Ever distinctive, jewelry from the Iberian Peninsular takes its place in the history of jewelry with designs that veer away from Western European pieces.
Yet for the region, they are classic in their sensibilities and construction.
The 18th century possessed a number of commonalities in much of the jewelry (up to about 1790). Quintessential to those decades is a reliance on three-part construction. So too, floral motifs as well as the teardrop shape abound.
Complex and dominating metal work, relative to gems or diamonds, often pairs with sculptural, deep domes as in these top and bottom drops. Rose cut diamonds adorn each part, deeply embedded in the silver, with only their top areas visible.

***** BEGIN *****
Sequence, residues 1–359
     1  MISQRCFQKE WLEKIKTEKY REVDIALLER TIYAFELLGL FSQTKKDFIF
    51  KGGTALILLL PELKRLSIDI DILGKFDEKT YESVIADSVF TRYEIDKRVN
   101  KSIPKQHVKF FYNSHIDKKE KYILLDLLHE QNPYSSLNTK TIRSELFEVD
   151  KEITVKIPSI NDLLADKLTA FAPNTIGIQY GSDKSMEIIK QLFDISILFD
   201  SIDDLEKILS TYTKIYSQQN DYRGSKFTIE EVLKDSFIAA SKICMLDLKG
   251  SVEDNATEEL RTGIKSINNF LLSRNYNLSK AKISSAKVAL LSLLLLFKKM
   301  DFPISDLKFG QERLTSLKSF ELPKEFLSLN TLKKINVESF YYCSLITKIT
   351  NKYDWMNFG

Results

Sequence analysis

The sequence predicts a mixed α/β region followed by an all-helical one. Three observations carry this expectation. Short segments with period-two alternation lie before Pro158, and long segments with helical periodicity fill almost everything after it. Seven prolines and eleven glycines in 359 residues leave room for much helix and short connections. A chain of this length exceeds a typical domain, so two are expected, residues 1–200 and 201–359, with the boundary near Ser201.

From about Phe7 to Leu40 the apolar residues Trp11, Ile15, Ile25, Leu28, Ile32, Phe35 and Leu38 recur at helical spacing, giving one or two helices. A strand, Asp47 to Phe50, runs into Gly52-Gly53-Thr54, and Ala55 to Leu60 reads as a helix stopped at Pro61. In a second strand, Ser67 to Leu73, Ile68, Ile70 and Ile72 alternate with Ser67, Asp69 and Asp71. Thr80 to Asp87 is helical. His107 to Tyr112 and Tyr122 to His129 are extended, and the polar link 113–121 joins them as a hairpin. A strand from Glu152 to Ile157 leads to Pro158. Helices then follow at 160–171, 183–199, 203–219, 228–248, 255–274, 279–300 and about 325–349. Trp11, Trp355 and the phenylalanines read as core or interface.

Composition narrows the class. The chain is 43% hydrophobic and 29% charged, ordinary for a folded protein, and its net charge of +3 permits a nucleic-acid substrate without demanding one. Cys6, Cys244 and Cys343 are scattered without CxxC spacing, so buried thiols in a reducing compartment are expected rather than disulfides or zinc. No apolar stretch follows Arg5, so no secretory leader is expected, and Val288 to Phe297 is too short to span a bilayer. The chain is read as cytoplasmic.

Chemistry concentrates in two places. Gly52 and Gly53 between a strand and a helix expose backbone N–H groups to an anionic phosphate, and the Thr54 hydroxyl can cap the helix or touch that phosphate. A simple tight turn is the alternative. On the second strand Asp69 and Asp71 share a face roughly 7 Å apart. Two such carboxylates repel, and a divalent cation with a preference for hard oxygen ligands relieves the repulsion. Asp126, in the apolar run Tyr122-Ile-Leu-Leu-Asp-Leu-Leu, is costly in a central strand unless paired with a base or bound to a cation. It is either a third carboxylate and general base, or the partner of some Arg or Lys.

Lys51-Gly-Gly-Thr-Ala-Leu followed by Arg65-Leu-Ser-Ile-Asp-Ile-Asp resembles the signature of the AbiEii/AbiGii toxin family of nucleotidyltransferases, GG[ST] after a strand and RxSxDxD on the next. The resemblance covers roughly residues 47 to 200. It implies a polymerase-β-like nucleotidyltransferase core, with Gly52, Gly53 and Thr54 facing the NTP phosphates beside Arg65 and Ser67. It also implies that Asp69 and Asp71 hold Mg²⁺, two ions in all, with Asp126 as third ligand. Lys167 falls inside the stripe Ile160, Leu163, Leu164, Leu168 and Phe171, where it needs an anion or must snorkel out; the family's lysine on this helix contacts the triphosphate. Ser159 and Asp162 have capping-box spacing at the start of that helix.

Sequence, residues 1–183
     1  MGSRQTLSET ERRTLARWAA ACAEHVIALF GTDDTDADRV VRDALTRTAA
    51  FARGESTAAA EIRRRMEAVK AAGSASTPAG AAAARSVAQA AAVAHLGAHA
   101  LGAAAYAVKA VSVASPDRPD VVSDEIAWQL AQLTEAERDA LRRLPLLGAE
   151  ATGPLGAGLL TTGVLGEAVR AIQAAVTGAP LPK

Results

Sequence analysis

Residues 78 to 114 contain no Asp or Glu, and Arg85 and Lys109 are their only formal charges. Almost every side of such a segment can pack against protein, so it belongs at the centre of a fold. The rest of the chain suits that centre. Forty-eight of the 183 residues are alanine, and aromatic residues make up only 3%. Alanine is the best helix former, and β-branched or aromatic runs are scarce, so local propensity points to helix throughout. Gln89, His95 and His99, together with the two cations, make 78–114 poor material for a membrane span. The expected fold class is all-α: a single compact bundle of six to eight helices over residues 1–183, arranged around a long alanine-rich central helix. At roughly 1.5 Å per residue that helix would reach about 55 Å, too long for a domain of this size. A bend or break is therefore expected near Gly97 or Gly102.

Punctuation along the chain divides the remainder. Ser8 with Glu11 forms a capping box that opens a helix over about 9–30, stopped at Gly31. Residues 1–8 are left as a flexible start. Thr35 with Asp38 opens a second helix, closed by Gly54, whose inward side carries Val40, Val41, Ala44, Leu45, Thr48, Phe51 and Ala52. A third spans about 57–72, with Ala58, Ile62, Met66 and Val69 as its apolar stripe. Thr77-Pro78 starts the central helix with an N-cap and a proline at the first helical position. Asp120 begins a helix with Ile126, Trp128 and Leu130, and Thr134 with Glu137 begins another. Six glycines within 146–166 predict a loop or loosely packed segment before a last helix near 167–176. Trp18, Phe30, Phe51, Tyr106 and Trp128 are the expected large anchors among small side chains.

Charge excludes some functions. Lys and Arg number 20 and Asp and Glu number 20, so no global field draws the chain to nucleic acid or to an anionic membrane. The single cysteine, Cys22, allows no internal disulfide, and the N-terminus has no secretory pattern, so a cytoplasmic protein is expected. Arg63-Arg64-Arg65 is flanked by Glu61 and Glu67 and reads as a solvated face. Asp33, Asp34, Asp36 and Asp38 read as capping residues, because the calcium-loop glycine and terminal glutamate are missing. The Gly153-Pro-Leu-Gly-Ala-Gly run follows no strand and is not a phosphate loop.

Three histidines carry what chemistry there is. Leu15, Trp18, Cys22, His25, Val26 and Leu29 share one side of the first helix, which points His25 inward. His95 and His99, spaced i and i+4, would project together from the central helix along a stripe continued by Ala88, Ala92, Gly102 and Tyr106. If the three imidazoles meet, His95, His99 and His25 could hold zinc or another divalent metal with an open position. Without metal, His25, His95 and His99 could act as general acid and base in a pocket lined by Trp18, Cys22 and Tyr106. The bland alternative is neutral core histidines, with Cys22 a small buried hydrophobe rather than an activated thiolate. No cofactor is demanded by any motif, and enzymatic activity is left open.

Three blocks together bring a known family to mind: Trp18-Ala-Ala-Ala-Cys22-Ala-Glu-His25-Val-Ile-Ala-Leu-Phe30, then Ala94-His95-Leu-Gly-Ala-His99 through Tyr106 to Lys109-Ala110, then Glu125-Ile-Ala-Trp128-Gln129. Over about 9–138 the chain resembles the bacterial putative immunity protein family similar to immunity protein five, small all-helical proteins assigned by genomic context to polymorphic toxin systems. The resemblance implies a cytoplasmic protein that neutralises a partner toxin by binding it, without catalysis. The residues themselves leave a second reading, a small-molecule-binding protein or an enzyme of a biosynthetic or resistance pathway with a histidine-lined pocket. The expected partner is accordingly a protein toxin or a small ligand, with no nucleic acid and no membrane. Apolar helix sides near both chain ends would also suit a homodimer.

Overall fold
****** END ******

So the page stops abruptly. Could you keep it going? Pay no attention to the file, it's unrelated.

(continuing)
A surmount and dangle with a frill of organic bent, and central elements in a quintessentially floral display are lyrical and pleasing to the eye. Appearing almost slate in color, the diamonds have a glint and undercurrent of electricity.
The deeply chased serpentine and ornate raised designs on the four domes place these in the Iberian region and within the earlier part of the 18th century. Not to mention, these touches are an outstanding visual exclamation point to the entire look.
Unlike other earrings of the pre Georgian era and region, these are wearable in size and weight.
See item 22088 for a similar slide pendant that is a near match.